Each production is different and requires a different stylistic approach, but the core of Rivera’s work is about finding sounds and pre-existing musical scores to fit each moment in the story. A wolf’s howl, a sword unsheathed or the chirping of crickets: They all help to accentuate the mood of a scene. Rivera amasses a library of sounds for each production, sometimes even marrying multiple sounds to create a completely custom piece of audio.

Rivera said she remains most proud of her work on “Dracula,” where she built a sonic landscape designed to draw the audience into the dark, Gothic world of the central character.

“I had done a lot of things with surround sound going around the speakers. I just remember thinking that even if I hadn’t done the sound design, I would have noticed the sound design of this one,” Rivera said.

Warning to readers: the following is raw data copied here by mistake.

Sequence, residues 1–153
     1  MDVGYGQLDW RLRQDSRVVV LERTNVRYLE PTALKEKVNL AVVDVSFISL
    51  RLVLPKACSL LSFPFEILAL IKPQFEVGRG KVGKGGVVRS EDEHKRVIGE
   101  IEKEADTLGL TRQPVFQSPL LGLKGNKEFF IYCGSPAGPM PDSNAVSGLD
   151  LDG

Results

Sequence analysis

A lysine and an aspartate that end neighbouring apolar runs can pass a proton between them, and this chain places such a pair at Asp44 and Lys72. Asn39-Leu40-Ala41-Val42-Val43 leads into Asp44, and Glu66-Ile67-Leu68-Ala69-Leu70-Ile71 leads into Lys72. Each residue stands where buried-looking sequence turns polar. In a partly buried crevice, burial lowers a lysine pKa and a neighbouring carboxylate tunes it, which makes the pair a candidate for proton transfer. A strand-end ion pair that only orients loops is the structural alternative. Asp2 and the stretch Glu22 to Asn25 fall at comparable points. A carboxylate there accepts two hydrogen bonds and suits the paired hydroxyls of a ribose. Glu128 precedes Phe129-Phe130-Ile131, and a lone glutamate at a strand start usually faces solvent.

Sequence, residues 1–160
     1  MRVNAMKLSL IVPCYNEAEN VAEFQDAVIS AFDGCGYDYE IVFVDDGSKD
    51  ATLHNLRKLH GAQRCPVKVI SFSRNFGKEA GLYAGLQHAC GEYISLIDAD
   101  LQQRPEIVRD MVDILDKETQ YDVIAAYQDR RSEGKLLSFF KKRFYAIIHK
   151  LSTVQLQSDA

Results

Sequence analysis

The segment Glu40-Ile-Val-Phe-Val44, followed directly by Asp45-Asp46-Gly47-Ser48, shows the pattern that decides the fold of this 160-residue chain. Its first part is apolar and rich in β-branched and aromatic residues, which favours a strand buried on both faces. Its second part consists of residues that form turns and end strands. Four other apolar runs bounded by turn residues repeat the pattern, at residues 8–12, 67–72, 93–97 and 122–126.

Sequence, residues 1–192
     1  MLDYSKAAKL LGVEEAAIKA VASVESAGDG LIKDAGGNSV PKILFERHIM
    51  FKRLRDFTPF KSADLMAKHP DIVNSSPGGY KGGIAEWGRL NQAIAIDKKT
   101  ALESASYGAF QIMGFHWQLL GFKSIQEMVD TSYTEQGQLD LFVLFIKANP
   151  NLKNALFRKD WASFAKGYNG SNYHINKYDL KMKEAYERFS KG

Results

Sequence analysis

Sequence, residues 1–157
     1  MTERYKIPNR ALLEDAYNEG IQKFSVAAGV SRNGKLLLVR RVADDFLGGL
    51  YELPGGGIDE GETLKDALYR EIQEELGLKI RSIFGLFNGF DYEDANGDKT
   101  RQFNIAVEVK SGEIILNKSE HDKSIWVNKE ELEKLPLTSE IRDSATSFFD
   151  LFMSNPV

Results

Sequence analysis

During the early days of the COVID-19 pandemic, Rivera’s freelance work dried up and LTA canceled all its shows. Instead of sitting with a theater-shaped hole in her heart, Rivera found a way to keep her passion alive. She worked with Missing Link, an upstart podcast creator, to produce and edit Between Acts, a 14-episode series based around one act radio plays with volunteer actors. It kept her going through the toughest stretches of the pandemic, but it was no replacement for the stage.

Rivera said she feared the pandemic would spell doom for live theater, and while audiences have been slow to return, she remains heartened to see there is still an interest in communal experiences and live entertainment.

“I think that even if it’s silent, there’s this bond that’s happening with everybody experiencing those things together, whether it’s beauty, happiness, sadness,” Rivera said. “That communal experience of a slice of somebody’s life or a slice of humanity, I think there’s something really powerful about that.”